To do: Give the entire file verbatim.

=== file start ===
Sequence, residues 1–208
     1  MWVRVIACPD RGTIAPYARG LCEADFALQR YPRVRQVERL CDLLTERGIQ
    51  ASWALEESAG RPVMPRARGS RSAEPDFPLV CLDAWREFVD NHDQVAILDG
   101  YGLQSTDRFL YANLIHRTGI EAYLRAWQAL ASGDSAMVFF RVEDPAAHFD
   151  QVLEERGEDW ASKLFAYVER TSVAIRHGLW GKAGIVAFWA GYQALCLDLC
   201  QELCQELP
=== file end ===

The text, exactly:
Sequence, residues 1–208
     1  MWVRVIACPD RGTIAPYARG LCEADFALQR YPRVRQVERL CDLLTERGIQ
    51  ASWALEESAG RPVMPRARGS RSAEPDFPLV CLDAWREFVD NHDQVAILDG
   101  YGLQSTDRFL YANLIHRTGI EAYLRAWQAL ASGDSAMVFF RVEDPAAHFD
   151  QVLEERGEDW ASKLFAYVER TSVAIRHGLW GKAGIVAFWA GYQALCLDLC
   201  QELCQELP